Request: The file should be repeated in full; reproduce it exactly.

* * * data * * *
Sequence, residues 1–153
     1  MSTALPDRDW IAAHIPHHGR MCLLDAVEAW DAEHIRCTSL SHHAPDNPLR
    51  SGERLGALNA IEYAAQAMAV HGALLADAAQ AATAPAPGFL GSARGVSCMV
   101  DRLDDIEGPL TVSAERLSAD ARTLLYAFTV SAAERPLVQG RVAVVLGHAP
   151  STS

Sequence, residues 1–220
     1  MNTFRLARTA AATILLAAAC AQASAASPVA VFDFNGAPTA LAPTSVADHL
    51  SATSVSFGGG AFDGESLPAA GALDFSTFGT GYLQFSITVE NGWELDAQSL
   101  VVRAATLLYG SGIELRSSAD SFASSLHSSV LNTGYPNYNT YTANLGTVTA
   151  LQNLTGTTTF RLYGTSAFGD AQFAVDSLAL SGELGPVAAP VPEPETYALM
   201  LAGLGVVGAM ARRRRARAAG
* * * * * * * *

Sequence, residues 1–153
     1  MSTALPDRDW IAAHIPHHGR MCLLDAVEAW DAEHIRCTSL SHHAPDNPLR
    51  SGERLGALNA IEYAAQAMAV HGALLADAAQ AATAPAPGFL GSARGVSCMV
   101  DRLDDIEGPL TVSAERLSAD ARTLLYAFTV SAAERPLVQG RVAVVLGHAP
   151  STS

Sequence, residues 1–220
     1  MNTFRLARTA AATILLAAAC AQASAASPVA VFDFNGAPTA LAPTSVADHL
    51  SATSVSFGGG AFDGESLPAA GALDFSTFGT GYLQFSITVE NGWELDAQSL
   101  VVRAATLLYG SGIELRSSAD SFASSLHSSV LNTGYPNYNT YTANLGTVTA
   151  LQNLTGTTTF RLYGTSAFGD AQFAVDSLAL SGELGPVAAP VPEPETYALM
   201  LAGLGVVGAM ARRRRARAAG